The Republican presidential hopeful said the Fed should get back to "its core business of responsibly managing our money supply and inflation" and he laid out several recommendations for stabilizing markets in the financial crisis that has rocked Wall Street and commanded the dialogue in the presidential campaign.

56. Fed, Central Banks Move to Boost Global Confidence -

NEW YORK (AP) - The worst global financial crisis since the Great Depression forced the Federal Reserve and central banks in other countries to pump billions of dollars into the world's banking system in an urgent bid to stop further damage.

57. Congress Weighs New Regulations Amid Crisis -

WASHINGTON (AP) - A Congress criticized for being asleep at the switch while financial problems festered is eyeing tough new regulations for investment banks and a new government role in the mortgage market as Wall Street reels from another round of collapses.

58. Democrats Call for Foreclosure Freeze -

WASHINGTON (AP) - Four Democratic senators Thursday urged the mortgage companies Fannie Mae and Freddie Mac to freeze foreclosures for 90 days on loans they hold.

The troubled companies, seized by the government Sunday, should help struggling borrowers swap their mortgages for more affordable loans and stay in their homes, the lawmakers wrote the new chief executives and the federal regulator now running Fannie Mae and Freddie Mac.

59. Congress Weighs Fate of Fannie, Freddie -

WASHINGTON (AP) – Treasury Secretary Henry Paulson said Congress should view the next few months as a “time out” in the highly charged debate over what to do with mortgage giants Fannie Mae and Freddie Mac.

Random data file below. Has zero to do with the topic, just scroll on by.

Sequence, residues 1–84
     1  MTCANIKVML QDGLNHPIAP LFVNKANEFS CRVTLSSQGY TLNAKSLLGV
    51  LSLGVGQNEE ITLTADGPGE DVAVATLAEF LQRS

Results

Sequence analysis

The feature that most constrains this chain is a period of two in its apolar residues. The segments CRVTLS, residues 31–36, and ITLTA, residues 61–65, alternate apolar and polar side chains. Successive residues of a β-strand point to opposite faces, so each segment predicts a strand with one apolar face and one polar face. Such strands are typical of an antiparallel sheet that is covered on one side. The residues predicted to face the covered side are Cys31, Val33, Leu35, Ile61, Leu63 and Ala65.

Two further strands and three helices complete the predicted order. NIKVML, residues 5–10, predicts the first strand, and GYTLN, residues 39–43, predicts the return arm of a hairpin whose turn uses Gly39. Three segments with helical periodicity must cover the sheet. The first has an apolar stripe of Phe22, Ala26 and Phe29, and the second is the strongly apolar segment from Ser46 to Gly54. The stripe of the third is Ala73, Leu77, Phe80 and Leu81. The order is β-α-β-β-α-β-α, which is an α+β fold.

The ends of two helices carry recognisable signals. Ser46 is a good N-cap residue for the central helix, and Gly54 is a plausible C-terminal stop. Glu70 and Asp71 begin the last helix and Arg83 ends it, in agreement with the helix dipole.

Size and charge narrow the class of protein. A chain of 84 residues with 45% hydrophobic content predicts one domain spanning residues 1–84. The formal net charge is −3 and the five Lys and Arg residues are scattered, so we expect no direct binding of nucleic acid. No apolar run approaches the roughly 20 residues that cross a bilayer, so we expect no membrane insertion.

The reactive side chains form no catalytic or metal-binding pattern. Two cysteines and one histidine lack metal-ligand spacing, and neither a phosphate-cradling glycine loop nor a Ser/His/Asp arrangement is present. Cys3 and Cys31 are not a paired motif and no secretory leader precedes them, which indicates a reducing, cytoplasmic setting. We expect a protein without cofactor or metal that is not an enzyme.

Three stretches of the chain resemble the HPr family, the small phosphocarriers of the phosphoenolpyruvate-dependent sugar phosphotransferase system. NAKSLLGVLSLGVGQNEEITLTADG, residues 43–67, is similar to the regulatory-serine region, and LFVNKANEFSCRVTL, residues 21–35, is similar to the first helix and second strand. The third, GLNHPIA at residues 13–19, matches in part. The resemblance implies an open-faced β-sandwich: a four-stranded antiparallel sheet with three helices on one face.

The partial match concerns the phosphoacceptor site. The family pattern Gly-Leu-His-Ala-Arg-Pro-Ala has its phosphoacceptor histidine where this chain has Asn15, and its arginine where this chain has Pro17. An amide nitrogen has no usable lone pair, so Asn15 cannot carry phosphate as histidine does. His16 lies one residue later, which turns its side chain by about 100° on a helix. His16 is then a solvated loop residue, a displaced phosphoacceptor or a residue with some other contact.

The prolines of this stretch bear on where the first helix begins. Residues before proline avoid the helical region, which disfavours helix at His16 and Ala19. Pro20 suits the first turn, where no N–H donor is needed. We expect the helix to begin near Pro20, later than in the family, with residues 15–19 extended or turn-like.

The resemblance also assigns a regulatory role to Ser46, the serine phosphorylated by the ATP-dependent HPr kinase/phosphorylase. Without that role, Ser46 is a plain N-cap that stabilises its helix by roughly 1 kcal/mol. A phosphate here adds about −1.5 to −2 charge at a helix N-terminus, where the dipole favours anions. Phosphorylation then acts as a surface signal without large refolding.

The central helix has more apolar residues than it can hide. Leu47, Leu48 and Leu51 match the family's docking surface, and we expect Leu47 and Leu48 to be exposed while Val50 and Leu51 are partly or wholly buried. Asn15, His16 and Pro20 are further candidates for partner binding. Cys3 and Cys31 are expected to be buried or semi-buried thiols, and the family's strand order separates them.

60. US Spells Out Fannie-Freddie Backstop Plan -

WASHINGTON (AP) – Scrambling to bolster eroding investor confidence, the Federal Reserve and the Treasury Department have announced steps to brace slumping mortgage giants Fannie Mae and Freddie Mac.

61. Fed Governor Mishkin to Step Down This Summer -

WASHINGTON (AP) - Federal Reserve Governor Frederic Mishkin will leave at the end of August and return to teaching at Columbia University, the central bank announced Wednesday. His departure means yet another empty seat on the Fed as it battles housing, credit and financial debacles.

62. Economist: Housing Slump may Exceed Depression -

NEW HAVEN, Conn. (AP) - An influential economist who long predicted the housing market bubble cautioned Tuesday that the slump in the U.S. housing market could cause prices to fall more than they did in the Great Depression, and bailouts will be needed so millions don't lose their homes.

63. Fed Endorses Plan to Curb Shady Home Lending Practices -

WASHINGTON (AP) - Activist or cautious regulator? Either way, Federal Reserve Chairman Ben Bernanke appears to be willing to go much further than his predecessor, Alan Greenspan, in cracking down on shady home-lending practices.

64. Hearings This Fall Likely to Consider Rule Changes for Moody's, Standard & Poor's, Fitch -

WASHINGTON (AP) - Lawmakers this fall will consider stricter rules for credit-rating agencies amid criticism that they failed to accurately assess - or warn investors about - the risks that mortgage investments posed to financial markets.

65. Bernanke Discusses Ways to Help Troubled Homeowners -

WASHINGTON (AP) - Federal Reserve Chairman Ben Bernanke is suggesting that policymakers look for ways to encourage a wider range of mortgages geared for low-income and other borrowers who have been hard hit by the housing slump and credit crunch.

66. Sports Complex Coming To East Shelby County -

For all the time, energy and money Chris Talley is spending on his indoor sports complex at the southeast corner of Houston Levee and Walnut Grove roads, perhaps the wisest investment he's made was a pair of boots so he can plod through the mud.

67. Romney Leads the Pack With Local Campaign Contributions -

Memphis-area supporters of Mitt Romney, the deep-pocketed Republican businessman from Massachusetts sometimes described as that state's "CEO Governor," write the biggest checks.

Local campaign contributors attracted to Sen. John McCain, R-Ariz., are more numerous. Former New York City Mayor Rudy Giuliani has a small coterie of Memphis campaign donors who nonetheless dig deep into their wallets for him.

68. Archived Article: Law (y2k Act) - By STACEY PETSCHAUER Legislating litigation Y2K Readiness and Responsibility Act is designed to reduce the amount and cost of Y2K litigation that could occur in 2000 By STACEY PETSCHAUER The Daily News The U.S. House of Representatives took a flying...